Shark's Tooth

by Nicole Beckley

He comes to pick me up for our date in a blue pickup with rusted out wheel wells and a broken side mirror. The inside is clean and tidy; even if I have to squeeze in next to him on the bench seat cause the passenger side’s seatbelt is jammed. He asks if I mind. I don’t. I’m not much for decorum. And we’ve already slept together so I know this isn’t just a ploy to get me close to him. We are dating because he has a rugged beard and a seaworthy fishing boat and a deep knowledge of marine wildlife. I am writing a paper on oceanography.

I am what I would call a sex brainiac—someone whose primary impetus for sleeping with someone is access to knowledge. I want to know what’s in their brain. I want to feel as connected to something as they do. I want to possess the knowledge more than I truly want to possess them. That simply comes with the territory. And on a good day comes a couple of times.

It’s not that I don’t like Chuck—he seems decent enough—it’s just that a large part of the attraction was the boat and the sea and the knowledge. I’m less interested in hearing about his complicated family dynamics than I am in learning about marine habitats while floating a few miles from the coast. I’ve never been a library type of gal. I’m a hands-on learner. Before oceanography there was astronomy and Raul, and cycling and Zach, and, very briefly, meditation and Daniel. It’s not necessarily intentional, it’s just that sometimes one passion leads to another.

On our fourth official date Chuck takes me to an aquarium and we stand in front of the case of dogfish sharks and I make a joke about Jaws. He’s never seen it.  “You’ve never seen Jaws?” I say, horrified. I think of the previous two times we’ve been out on the water and realize all those “We’re gonna need a bigger boat” references have just been for naught. But then he tells me about how dogfish sharks eat worms and large crabs and bear live young six at a time and I think at least he has a few redeeming qualities.

A few weeks later I come over to his tiny apartment and he pulls out a shark’s tooth and puts it in my palm and tells me sharks lose a tooth a week. “Keep it,” he says. I tell him I think I could fall for a guy like him and he goes all smiles and says, “Me too.” As if that makes any sense. I say it, but I know it will end because I am moving to San Diego at the end of the year, where there are lots of men with bigger boats.

He leads me to his plaid dark green couch and as we start to unbutton our clothes he runs his hand from the top of my head to just below my belly button and tells me this is the length of a mature female dogfish. When I peel off my jeans I pause and remove the shark’s tooth gift from my pocket, running my finger over its fine edge, and feeling some fondness for its giver.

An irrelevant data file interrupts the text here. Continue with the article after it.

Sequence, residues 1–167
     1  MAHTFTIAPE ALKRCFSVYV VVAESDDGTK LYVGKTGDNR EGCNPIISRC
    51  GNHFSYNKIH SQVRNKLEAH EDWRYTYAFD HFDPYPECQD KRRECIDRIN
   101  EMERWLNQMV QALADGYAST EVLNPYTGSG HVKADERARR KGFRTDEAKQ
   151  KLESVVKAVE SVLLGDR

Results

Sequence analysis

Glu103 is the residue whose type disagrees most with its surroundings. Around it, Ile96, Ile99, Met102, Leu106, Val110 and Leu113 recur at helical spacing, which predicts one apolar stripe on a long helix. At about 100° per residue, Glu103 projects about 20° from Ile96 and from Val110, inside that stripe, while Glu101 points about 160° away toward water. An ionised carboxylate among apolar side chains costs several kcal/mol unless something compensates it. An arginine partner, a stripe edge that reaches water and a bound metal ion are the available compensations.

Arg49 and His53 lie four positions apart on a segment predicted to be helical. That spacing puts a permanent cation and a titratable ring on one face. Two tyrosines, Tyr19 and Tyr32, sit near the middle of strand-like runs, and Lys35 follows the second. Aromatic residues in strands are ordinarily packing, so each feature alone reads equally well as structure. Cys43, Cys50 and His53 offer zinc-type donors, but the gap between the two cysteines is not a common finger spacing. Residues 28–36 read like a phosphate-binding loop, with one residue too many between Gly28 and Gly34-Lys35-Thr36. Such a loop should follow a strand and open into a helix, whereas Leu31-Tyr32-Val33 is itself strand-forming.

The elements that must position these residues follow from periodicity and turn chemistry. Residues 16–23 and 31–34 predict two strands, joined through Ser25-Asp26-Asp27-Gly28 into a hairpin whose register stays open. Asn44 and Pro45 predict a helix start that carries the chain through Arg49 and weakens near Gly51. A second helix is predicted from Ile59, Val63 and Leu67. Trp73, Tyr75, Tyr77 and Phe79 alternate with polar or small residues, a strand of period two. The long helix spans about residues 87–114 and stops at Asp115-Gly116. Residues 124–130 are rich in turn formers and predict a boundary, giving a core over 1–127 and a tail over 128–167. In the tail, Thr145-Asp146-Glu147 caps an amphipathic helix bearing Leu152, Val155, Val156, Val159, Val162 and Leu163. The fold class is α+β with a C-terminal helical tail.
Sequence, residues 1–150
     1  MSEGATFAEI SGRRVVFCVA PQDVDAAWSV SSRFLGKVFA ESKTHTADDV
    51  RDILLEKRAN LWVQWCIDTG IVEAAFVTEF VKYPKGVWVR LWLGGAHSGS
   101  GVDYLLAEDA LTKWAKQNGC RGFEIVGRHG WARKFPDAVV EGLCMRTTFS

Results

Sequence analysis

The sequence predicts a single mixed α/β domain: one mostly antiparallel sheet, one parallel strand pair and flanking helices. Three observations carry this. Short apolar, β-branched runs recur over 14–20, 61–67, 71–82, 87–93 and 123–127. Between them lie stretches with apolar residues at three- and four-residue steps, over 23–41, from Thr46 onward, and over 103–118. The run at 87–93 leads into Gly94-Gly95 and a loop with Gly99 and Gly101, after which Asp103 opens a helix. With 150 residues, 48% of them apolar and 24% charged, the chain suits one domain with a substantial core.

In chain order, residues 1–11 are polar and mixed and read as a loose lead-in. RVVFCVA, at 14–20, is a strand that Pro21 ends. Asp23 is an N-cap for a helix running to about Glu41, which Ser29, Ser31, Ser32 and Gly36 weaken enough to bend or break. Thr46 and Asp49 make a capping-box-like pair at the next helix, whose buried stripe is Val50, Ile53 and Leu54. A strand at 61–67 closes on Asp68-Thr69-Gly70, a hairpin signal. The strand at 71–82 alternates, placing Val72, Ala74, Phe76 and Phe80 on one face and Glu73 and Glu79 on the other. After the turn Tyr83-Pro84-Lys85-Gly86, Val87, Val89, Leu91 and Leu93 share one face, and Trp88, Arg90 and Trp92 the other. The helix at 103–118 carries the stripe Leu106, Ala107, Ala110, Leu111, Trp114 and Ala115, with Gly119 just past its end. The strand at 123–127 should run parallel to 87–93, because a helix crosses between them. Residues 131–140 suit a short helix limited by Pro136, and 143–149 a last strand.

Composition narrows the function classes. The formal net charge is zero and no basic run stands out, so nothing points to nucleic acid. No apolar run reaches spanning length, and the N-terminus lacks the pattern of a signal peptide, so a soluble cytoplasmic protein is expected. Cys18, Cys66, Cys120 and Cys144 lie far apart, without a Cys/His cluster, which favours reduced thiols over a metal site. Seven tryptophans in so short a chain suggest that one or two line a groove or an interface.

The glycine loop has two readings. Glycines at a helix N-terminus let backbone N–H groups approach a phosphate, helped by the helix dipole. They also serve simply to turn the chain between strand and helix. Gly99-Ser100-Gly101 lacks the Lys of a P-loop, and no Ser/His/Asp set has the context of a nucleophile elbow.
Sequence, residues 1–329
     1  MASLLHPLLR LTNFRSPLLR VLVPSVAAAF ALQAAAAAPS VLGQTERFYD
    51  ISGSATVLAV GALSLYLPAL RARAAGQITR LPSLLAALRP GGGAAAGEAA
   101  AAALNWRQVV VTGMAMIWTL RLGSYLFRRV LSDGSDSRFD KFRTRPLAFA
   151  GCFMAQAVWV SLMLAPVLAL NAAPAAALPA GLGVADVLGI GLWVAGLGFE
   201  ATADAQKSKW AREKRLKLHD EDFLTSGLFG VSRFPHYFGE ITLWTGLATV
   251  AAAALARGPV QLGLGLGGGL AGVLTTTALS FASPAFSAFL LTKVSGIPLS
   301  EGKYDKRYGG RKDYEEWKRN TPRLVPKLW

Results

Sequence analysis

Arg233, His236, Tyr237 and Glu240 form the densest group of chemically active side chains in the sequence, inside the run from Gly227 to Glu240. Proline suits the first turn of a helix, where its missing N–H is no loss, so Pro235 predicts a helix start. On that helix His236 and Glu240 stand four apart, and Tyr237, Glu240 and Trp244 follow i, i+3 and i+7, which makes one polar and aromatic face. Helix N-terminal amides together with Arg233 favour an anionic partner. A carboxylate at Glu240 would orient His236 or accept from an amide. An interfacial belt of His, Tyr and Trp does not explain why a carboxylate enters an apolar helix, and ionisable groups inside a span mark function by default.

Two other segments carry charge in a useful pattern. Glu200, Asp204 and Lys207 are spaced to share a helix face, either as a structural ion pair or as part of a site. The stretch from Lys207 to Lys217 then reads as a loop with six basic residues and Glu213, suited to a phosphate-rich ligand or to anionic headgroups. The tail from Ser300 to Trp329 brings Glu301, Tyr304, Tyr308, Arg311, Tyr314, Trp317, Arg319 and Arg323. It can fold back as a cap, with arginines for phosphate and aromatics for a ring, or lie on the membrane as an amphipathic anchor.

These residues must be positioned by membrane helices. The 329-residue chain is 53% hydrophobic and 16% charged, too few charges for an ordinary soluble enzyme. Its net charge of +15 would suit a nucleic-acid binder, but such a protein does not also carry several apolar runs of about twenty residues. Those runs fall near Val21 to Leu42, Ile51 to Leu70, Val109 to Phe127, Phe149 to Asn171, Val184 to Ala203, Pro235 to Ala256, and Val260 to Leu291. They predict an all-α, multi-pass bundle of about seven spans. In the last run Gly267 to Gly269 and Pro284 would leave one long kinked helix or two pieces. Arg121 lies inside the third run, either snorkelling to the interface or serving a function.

I place the tooth on the end table and let the curvature of his thick mouth meet mine. He grasps my waist confidently with his whole hands and I ignore the scratchiness of his beard, thinking instead about my lab partner Su-Yin. We both got into oceanography thinking it would be fun to explore the sea, though it turns out it’s not that adventurous and there’s a lot of time spent sitting in a lab or an office or learning about various regulations. Not terrible, but not particularly great. Su-Yin and I share an office, and spend the majority of our time together practicing tying bowline knots and prepping for the wilderness survival club to which we both belong. Our goal is always to break out of the office.  We are determined to find adventure.

“Doing okay?” he says, and I snap out of my distraction and focus on grey-green eyes and muscled jaw and hip bone meeting hip bone. “Mm-hmm,” I hum, and make him promise to take me out on his boat soon to see the harbor seals.

In our office the next day I show Su-Yin the shark’s tooth. “Wow, he must really like you,” she says, “Nobody’s ever brought me any cartilage or bone or anything.” She says I found a good guy and I say I guess so. My oceanography paper is really coming along. I pocket the shark’s tooth and tell her I’m going to make it into a necklace to remember him while we’re in the wilderness and she says that sounds good. She hands me a paper map of Big Bend, which I’m supposed to commit to memory for our wilderness survival summit. Su-Yin found out about it when we were researching oceanographic history. She’s a much better researcher than I am. I remind her of this and she does a proud half-smirk. I trace my finger on the map. Big Bend was underwater millions of years ago and now we can go and find shells from the Cretaceous era and stones from the Paleozoic. We can see where the sea was firsthand. We are determined in our adventure aspirations.

When the weekend comes Su-Yin and I fly to Midland and drive three hours south through dusty highway to Big Bend. At the park’s entrance we see a dozen other survivalists who are going to spend the weekend hiking and foraging and sleeping under the stars. The summit attracts all kinds—there are a pair of grey haired wives with matching wood framed glasses, a couple of dudes with shaved heads and tan shirts that say “Paleo and proud,” and a dark haired woman with full sleeve tattoos that make her look fully clothed even though she’s only wearing a tank top. All of us are toting packages of nuts and jerky and dehydrated oats. “So much for my foodie blog,” one of the wives jokes, and we all laugh and start hiking our separate ways.